20 March 2023

Can my girlfriend take half my house in Australia?

JB Solicitors


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This is an important question that falls under the topic of de facto separation rights and entitlements.
Australia Family and Matrimonial
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One of the common questions that people ask family lawyers is 'can my girlfriend take half my house in Australia?' This is an important question that falls under the topic of de facto separation rights and entitlements. People often wonder "can my girlfriend take half the family home?"

It is important to note that after a separation, your de facto partner is not automatically entitled to half your house. In fact, there are multiple factors to consider to determine who gets what after a de facto separation or divorce.

Therefore, the answer to the question 'can my girlfriend take half my house in Australia?' depends on factors such as the contributions that she has made in the relationship in the past. But most importantly, as a first step, you must determine and establish that you and your former partner were in a de facto relationship.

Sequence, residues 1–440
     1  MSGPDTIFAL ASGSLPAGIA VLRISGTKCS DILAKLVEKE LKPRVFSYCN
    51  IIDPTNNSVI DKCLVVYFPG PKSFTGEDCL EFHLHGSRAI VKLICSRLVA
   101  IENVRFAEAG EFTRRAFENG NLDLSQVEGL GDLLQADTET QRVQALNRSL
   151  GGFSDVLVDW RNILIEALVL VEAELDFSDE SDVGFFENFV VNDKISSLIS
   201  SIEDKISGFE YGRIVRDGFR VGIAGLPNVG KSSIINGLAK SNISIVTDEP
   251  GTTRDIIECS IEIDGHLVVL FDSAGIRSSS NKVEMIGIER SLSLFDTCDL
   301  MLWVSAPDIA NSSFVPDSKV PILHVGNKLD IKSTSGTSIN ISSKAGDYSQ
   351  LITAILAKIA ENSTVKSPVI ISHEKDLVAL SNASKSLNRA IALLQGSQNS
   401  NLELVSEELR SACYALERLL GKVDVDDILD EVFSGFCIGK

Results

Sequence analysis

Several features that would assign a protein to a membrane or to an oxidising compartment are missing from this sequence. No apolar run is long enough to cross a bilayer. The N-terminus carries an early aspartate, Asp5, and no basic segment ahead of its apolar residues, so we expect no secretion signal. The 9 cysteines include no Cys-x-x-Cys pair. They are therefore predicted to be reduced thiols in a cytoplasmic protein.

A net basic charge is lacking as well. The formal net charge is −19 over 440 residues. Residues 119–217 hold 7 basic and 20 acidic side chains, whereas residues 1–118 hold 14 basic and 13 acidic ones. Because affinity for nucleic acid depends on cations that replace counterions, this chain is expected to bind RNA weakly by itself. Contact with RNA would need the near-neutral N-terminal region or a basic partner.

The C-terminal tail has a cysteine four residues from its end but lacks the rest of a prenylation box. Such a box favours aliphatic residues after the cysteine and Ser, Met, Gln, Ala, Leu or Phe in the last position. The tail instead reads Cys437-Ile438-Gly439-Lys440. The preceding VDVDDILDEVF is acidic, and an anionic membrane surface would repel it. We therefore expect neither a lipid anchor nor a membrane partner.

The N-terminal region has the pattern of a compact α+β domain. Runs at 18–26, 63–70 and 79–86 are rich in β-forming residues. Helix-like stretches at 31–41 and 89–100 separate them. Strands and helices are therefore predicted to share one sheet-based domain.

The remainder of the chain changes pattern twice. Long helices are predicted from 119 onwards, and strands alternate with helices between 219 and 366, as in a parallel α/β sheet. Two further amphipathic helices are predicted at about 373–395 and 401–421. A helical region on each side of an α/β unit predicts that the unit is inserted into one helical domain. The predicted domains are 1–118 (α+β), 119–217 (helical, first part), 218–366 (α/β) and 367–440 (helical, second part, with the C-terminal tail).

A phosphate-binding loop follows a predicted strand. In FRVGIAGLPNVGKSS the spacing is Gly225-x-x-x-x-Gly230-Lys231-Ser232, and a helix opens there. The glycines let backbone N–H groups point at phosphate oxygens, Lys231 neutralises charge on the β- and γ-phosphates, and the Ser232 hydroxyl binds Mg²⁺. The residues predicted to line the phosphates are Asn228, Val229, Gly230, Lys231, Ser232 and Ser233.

Moreover, whether your former girlfriend can take half your house also depends on factors such as who purchased the house. So, if we both purchased the house together, can my girlfriend take half my house in Australia? Let's explore this question in detail below.

Can My Girlfriend Take Half My House in Australia? Factors to Consider

According to the leading family law legislation in Australia, the Family Law Act (1975), there are a couple of things that courts consider when making a property settlement order. Basically, courts have to consider the contributions of each party.

Contributions can either be financial or non-financial. Financial support are in the form of monetary contributions that parties make to a relationship. For example, income and wages, superannuation, investment interests, and other financial resources fall under financial contributions.